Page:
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Most modern databases have XML functions that can be used to extract data in an XML format. I want to avoid the task of manually calling XML functions to extract the data.

This problem involves devising a generic solution to create XML documents based on mapping database tables (and JOIN conditions) to XPath expressions.


An XPath map codifies associations between an XML document and relational data as follows:

root               > people              -- "root" is a special keyword
person             > person              -- > is a node to table relation
person.first_name -> name/first          -- -> is a node/attribute to column relation
person.last_name  -> name/last
person.age        -> [@age]
account.person_id => person.person_id    -- => is a join
account            > person/account
account.number    -> [@id]

Where a PERSON table might resemble:

person_id | first_name | last_name | age
      123 | Peter      | Parker    | 18
      456 | James      | Jameson   | 42

Where an ACCOUNT table might resemble:

account_id | person_id | number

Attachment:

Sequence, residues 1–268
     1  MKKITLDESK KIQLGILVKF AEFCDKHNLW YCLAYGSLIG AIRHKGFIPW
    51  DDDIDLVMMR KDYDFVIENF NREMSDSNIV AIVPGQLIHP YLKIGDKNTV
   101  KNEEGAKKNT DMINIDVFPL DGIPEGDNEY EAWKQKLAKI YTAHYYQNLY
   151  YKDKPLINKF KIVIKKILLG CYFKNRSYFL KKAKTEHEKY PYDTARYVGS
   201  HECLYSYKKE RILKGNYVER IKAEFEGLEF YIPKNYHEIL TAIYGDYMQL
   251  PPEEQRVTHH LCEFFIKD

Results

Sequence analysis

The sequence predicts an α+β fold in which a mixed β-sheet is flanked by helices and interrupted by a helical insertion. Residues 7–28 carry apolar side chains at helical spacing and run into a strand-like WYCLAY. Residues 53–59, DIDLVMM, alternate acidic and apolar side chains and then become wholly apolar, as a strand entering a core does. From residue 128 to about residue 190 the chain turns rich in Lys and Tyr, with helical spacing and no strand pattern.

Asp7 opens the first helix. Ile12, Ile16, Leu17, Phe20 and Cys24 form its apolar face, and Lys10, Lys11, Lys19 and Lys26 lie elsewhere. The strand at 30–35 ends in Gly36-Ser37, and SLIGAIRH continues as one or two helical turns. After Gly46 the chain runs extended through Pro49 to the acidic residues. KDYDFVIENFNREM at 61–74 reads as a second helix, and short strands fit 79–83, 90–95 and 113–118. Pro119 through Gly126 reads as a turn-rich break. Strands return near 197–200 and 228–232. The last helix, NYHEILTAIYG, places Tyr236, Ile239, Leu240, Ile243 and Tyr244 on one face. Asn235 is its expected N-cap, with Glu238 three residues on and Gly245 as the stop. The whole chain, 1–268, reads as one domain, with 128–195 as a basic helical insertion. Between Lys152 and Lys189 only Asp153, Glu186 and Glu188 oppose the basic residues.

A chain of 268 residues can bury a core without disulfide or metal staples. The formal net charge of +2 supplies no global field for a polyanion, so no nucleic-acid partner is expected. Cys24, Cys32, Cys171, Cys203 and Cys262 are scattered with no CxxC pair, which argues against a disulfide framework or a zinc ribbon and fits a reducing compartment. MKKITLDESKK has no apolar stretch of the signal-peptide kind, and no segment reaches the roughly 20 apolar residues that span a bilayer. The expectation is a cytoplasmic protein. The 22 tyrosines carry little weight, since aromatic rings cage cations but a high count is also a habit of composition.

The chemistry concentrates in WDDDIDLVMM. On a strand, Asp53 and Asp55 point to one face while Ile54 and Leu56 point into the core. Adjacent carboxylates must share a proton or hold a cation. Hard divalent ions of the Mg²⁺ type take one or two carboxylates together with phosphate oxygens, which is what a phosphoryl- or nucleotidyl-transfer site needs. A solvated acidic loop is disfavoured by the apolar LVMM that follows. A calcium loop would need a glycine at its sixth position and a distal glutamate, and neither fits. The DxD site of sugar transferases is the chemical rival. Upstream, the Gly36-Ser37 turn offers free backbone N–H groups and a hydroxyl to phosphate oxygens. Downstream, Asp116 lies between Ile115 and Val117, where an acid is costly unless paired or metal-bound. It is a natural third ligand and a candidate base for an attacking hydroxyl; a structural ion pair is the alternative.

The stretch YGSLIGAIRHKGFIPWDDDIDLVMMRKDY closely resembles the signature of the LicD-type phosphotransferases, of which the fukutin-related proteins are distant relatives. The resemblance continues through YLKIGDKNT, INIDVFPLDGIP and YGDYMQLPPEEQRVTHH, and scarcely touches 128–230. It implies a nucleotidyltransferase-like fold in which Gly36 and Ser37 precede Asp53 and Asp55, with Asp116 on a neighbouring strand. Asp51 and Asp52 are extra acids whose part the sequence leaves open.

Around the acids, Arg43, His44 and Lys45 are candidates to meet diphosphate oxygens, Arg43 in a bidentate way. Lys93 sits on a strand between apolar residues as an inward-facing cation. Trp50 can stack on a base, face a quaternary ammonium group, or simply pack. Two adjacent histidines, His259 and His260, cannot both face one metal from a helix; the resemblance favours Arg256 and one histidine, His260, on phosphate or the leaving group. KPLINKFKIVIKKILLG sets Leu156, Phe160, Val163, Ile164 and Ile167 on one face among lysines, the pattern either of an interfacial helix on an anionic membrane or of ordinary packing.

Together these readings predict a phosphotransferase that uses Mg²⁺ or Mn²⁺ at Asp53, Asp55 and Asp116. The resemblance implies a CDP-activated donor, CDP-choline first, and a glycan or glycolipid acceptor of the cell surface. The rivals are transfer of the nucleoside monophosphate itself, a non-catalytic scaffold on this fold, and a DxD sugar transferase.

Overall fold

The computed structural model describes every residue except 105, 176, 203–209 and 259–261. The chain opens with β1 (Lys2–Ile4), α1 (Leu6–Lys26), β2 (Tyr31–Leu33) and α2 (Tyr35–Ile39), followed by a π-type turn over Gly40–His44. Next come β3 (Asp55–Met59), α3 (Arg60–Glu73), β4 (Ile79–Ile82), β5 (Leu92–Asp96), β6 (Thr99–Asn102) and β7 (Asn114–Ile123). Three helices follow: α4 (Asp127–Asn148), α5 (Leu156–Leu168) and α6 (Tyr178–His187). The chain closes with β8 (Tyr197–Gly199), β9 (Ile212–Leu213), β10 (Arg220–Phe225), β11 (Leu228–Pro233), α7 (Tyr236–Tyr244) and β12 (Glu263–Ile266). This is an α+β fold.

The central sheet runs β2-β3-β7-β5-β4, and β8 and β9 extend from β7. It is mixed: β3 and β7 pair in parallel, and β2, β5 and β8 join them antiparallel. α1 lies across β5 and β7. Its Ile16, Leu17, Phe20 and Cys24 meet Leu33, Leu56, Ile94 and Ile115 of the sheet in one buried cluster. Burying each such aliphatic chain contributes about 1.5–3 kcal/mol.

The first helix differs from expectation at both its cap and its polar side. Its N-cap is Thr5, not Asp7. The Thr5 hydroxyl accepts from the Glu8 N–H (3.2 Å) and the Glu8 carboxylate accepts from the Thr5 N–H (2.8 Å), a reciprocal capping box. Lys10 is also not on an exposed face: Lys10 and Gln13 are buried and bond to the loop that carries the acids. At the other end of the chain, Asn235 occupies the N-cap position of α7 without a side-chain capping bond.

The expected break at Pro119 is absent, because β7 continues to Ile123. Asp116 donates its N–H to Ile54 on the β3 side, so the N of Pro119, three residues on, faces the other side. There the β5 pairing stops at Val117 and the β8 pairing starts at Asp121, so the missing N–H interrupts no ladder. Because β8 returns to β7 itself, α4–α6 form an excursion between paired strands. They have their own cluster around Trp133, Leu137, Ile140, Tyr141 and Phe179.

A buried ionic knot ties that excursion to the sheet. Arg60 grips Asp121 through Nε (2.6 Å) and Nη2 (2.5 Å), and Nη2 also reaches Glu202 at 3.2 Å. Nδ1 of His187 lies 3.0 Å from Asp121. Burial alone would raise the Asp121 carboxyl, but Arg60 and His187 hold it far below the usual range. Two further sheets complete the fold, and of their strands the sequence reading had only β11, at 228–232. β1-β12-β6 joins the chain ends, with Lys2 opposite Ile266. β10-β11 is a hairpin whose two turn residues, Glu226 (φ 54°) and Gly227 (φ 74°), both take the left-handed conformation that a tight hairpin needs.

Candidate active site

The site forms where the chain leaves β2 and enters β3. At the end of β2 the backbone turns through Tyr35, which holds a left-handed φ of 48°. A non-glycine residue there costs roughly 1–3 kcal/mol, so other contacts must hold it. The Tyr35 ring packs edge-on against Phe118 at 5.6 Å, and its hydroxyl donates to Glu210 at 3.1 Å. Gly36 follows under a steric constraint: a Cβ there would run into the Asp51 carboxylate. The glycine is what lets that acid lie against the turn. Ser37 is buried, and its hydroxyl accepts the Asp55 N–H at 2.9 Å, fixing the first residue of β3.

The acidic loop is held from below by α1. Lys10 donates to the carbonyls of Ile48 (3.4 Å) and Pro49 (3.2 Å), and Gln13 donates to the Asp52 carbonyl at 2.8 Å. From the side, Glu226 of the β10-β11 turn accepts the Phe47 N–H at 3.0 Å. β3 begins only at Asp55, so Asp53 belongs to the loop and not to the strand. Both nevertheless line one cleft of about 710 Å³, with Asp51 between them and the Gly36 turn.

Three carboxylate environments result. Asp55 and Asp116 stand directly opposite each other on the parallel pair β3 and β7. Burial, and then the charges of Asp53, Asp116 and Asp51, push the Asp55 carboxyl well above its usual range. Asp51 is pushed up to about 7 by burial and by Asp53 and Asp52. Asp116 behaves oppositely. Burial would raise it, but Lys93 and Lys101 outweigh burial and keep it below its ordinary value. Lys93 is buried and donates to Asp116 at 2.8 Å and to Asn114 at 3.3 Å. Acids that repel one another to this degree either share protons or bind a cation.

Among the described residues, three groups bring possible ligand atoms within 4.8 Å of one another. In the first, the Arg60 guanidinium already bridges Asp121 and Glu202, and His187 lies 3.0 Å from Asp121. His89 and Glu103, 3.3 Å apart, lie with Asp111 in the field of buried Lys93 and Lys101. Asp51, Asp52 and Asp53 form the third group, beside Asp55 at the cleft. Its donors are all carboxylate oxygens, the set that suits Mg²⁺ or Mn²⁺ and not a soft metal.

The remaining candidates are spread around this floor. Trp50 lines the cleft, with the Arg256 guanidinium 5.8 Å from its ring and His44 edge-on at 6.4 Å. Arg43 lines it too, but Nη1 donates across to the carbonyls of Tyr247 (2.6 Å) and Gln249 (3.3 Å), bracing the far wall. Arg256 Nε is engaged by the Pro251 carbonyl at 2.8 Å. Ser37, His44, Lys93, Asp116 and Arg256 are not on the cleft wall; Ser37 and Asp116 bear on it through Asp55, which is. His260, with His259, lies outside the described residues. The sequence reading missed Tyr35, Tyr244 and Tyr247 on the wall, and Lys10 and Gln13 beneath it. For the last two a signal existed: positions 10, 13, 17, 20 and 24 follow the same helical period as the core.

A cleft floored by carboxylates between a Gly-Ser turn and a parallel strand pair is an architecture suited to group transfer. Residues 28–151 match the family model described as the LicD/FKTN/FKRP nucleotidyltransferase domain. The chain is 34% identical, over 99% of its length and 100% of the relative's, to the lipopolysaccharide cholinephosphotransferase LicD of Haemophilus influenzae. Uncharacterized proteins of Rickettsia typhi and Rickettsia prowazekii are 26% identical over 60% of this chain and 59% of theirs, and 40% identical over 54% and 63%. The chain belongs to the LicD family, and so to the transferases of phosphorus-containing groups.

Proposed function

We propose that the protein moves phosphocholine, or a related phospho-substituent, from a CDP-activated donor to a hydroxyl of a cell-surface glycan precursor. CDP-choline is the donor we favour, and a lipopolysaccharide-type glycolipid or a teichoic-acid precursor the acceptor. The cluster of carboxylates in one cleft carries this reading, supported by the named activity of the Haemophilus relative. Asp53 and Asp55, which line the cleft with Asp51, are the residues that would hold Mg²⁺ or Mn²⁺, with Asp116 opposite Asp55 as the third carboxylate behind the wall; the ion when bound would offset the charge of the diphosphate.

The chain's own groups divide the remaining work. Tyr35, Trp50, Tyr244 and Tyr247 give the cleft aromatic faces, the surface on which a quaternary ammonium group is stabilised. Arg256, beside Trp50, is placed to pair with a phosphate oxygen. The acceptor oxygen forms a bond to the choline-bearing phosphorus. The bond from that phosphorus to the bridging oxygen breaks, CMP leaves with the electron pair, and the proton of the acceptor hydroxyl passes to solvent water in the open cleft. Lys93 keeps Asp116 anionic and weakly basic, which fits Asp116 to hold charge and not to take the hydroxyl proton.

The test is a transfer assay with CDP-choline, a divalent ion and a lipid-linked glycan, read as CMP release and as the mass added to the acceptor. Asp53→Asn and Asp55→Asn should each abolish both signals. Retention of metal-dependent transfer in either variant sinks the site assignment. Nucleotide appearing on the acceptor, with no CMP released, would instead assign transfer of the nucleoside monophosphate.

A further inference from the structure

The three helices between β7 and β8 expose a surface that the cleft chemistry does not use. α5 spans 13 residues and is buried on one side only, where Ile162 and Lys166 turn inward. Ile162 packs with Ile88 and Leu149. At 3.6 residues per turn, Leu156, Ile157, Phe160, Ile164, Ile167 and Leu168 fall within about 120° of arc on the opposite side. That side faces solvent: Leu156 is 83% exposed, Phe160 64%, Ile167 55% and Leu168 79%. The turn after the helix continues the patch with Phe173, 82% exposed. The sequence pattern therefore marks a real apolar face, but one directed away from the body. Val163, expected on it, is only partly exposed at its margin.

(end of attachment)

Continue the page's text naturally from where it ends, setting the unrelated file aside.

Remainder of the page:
1 |       123 | 123456789

Calling a function using the XPath map would produce the following XML document:

  <person age="18">
    <account id="123456789" />
  <person age="42">

In this case, James Jameson does not have an account and so the corresponding XML element (account) is not included in the final document.

This is a difficult problem and a complete solution is not necessary. A solution that handles 80% of simple tables mapped to simple XML elements and attributes would suffice.


What algorithm would return an XML document based on such a generic XPath map? The algorithm must transform the structure defined by the XPath map into an XML document with the content from the relations defined in the XPath map.

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closed as too broad by Jack Douglas Feb 5 '15 at 11:06

There are either too many possible answers, or good answers would be too long for this format. Please add details to narrow the answer set or to isolate an issue that can be answered in a few paragraphs.If this question can be reworded to fit the rules in the help center, please edit the question.

This reads more like a project than a question. – Mark Storey-Smith Apr 8 '13 at 16:56
A canonical answer cannot be provided as the implementation would differ between RDBMSs. Polling for existing solutions is off-topic. Nothing has been presented to demonstrate what you've tried so far. Please edit the question to narrow the scope of what you're asking. As it sits, I would vote to close, but can't because of the bounty. – Jon Seigel Apr 8 '13 at 18:46
SQL server is a RDBMS that has built in XML functions, and it pretty much follows the XPath standard defined by the World Wide Web Consortium. – StanleyJohns Apr 8 '13 at 20:31
I've never heard of "Xpath map" before. Is that something you just invented? – Trygve Laugstøl Apr 15 '13 at 6:38